It's all over but the speculative trading. Sharper Image
With the end result likely being Nil City as the company reorganizes, penny-stock traders had better know what they're getting into. Buying companies in Chapter 11 is like paying a vocal coach to teach your pooch to sing. It may be entertaining for awhile, but at the end of the day, you've wasted your money and you'll still need earplugs.
Once creditors are done compromising, the nerd-spectacled phoenix that arises from this muck will likely come from the ashes of scorched common shareholders.
The failure of Sharper Image isn't really news. The company has been telegraphing its demise for some time now. Between burning through four CEOs over the past two years and its free-falling comps, this was never going to be a feel-good story.
Even if you kept far away from Sharper Image, there are a few lessons to be learned here:
- Apparently, there aren't too many rich geeks outside of Silicon Valley to support a 184-unit chain of gee-whiz gadgetry.
- The whole "SkyMall catalog in a suburban shopping mall" concept doesn't work on terra firma. It may have something to do with the lack of cabin pressure.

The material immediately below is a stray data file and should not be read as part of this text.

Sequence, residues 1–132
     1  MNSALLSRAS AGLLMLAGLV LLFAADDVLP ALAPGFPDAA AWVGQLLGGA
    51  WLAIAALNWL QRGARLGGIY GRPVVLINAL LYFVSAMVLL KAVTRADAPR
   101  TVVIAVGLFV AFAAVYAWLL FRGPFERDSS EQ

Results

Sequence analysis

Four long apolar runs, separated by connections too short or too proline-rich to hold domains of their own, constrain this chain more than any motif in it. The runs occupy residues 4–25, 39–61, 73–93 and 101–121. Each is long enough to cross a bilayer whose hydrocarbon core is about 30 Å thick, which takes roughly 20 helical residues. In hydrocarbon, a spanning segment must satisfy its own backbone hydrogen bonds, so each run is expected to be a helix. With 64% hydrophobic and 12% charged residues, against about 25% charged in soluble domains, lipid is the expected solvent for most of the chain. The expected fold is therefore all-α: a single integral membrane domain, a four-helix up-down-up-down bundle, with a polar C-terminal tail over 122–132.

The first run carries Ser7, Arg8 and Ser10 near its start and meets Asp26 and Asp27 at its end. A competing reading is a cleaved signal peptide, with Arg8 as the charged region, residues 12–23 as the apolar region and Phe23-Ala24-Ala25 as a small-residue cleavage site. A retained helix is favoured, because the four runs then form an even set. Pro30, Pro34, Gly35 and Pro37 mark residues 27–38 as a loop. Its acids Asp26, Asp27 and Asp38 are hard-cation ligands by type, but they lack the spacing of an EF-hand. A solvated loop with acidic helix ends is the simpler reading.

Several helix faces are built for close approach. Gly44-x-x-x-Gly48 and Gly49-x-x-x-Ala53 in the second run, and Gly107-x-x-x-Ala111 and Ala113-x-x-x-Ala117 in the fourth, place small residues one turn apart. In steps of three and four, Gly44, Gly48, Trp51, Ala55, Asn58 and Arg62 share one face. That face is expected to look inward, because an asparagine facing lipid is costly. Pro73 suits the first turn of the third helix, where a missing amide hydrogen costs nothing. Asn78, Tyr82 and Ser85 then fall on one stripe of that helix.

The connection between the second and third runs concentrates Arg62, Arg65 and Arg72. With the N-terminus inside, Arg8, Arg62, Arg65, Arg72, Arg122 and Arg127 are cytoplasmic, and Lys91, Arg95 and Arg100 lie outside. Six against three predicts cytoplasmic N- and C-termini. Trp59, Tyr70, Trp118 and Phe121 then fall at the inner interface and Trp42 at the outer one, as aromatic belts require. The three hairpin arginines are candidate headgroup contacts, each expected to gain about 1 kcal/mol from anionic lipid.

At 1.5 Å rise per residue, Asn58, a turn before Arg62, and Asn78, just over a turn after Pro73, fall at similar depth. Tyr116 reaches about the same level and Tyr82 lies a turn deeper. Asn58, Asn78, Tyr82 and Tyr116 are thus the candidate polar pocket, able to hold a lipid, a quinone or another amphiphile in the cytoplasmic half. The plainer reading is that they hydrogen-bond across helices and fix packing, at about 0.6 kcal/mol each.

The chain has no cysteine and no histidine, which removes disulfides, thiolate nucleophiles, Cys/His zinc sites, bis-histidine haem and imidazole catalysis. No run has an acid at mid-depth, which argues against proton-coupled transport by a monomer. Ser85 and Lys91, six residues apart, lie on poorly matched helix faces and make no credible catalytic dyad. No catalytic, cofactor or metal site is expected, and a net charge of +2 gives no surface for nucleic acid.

- If you throw RadioShack
(NYSE:RSH)and Best Buy (NYSE:BBY)into a blender, the public isn't going to suck down the chunky smoothie that oozes out.
- You can corner the market on massage chairs, air purifiers, and felt putting greens, but it isn't much of a market worth cornering.
Sharper Image failed. The kitschy retailer "intends to continue to conduct business as usual while it devotes renewed efforts to resolve its operational and liquidity problems," but "business as usual" at Sharper Image is the problem.
The world has passed it by. It may have been ahead of its time in some regards. Sure, it was one of the first retailers to sell iRobot's
Sharper Image is still operating as if it's an island. Consumers know that they can pick up the same USB vinyl record turntables at Amazon.com
Sharper Image, as common shareholders know it, is about to be history. If it's serious about conducting "business as usual," it will be just a matter of time before it becomes history for mall landlords, too.